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  • - [Narrator] The Boeing seven 477,

  • it's the jumbo jet that made long distance travel

  • more affordable and was the crown jewel of BOAC fleet.

  • A company you may now know as British Airways.

  • - [Announcer] By the end of the year BOAC will have extended

  • it's jumbo services around the world

  • on most of it's key routes.

  • - [Narrator] But in 2020, after five decades,

  • BA has decided to bring forward its plans to retire the 747

  • as have other airlines like Qantas and Virgin Atlantic.

  • It's a visible sign of how airlines are having to quickly

  • transform themselves to survive the coronavirus pandemic.

  • - The industry has been decimated.

  • - [Narrator] Passenger volumes dropped an unprecedented 9500:00:42,080 --> 00:00:46,519 in April, and the industry is set to lose $84 billion

  • this year alone.

  • A number of airlines around the world

  • have already gone bust.

  • - It's a little bit like the game of survivor.

  • We don't know how long the downturn is gonna last.

  • - [Narrator] So to stay in business,

  • airlines have to move quickly

  • and face make or break choices

  • at a time of zero visibility.

  • A first critical choice is whether or not to keep flying,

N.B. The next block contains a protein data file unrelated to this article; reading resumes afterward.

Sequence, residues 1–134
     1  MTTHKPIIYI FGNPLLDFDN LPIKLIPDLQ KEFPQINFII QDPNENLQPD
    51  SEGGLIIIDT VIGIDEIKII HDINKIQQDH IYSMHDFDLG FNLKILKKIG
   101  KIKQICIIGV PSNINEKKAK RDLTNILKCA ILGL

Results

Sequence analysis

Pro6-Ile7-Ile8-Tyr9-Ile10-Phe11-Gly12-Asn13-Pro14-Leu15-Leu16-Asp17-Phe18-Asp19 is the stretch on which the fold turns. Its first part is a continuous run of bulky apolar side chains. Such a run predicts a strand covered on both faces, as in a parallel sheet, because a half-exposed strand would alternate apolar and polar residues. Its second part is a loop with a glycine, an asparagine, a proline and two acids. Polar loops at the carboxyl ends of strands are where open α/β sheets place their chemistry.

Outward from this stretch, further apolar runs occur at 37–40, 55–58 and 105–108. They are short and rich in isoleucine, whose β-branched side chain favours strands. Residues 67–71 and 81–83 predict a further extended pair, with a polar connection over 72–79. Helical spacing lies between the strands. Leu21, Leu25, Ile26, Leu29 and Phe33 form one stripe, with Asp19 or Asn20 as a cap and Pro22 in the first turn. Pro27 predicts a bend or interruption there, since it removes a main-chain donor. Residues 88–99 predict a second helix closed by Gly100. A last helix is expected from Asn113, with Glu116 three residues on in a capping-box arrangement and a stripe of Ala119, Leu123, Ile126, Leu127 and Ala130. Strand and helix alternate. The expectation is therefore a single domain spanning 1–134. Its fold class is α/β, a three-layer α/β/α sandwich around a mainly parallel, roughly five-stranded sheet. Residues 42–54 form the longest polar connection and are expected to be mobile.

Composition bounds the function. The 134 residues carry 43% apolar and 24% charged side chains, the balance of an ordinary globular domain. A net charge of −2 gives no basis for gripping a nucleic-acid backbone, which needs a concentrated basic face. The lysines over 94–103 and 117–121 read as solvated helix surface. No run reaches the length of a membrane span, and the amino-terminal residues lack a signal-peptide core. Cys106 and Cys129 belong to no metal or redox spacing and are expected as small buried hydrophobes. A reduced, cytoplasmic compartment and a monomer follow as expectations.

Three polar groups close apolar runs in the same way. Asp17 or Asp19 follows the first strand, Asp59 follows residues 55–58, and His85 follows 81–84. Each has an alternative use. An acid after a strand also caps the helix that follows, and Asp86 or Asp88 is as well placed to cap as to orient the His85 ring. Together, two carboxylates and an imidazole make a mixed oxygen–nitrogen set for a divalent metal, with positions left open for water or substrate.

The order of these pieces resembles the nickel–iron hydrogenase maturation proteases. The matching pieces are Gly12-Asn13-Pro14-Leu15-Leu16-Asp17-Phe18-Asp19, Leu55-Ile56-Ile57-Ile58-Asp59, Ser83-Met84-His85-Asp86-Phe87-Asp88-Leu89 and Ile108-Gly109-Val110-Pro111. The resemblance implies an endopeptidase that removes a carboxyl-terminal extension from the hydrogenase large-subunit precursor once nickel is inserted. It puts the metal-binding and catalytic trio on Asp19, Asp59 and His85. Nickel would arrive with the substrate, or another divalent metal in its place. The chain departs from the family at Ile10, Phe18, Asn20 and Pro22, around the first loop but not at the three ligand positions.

• and where to send those planes when demand is so low,

  • flying too many planes means losing money,

  • but flying too few means missing out on passenger demand

  • and potentially losing market share.

  • - Getting that balance right, is absolutely crucial.

  • How can I stay in that market?

  • How can I continue to be active,

  • but not fly unnecessary journeys with empty aircraft?

  • So many airlines, that's the great dilemma.

  • - [Narrator] Airlines in the US

  • are going about it in very different ways.

  • - American has said,

  • we're gonna take as many people as we can,

  • pack them into the airplane,

  • reduce our cash losses each day.

  • There are some people who need to travel.

  • There are some people who wanna travel, so let's get them,

  • let's get them all.

  • - [Narrator] But Delta has said,

  • it's going to have the number of planes it's bringing back,

  • leaving its capacity around a 1/4 of what it was last year.

  • - Taking flights out of your schedule

  • does help you save cash.

  • It certainly reduces your, your daily operating costs.

  • And it's quite simple

  • if you only have enough passengers for one or two flights

  • a day, you only wanna be flying one or two flights a day.

  • - [Narrator] Striking the right balance

  • is particularly difficult.

  • And airlines can't even rely on their usual forecast data.

  • As few customers are planning travel ahead of time.

  • - They've lost all of their historic data

  • around booking demand.

  • When people book for what routes,

  • how far in advance, and how much they're prepared to pay.

  • (upbeat music)

  • - [Narrator] That makes another crucial decision

  • particularly pressing, whether or not to keep their staff.

  • - If you're talking about 50% of the world's fleet,

  • being grounded at this moment in time and 50% of the world's

  • capacity not flying at this moment in time,

  • you don't need to be a rocket scientist,

  • I mean, that probably means 50 of people employed

  • in the aviation industry

  • are not gonna be required certainly through the winter

  • of this year.

  • - [Narrator] While carriers like Cathay Pacific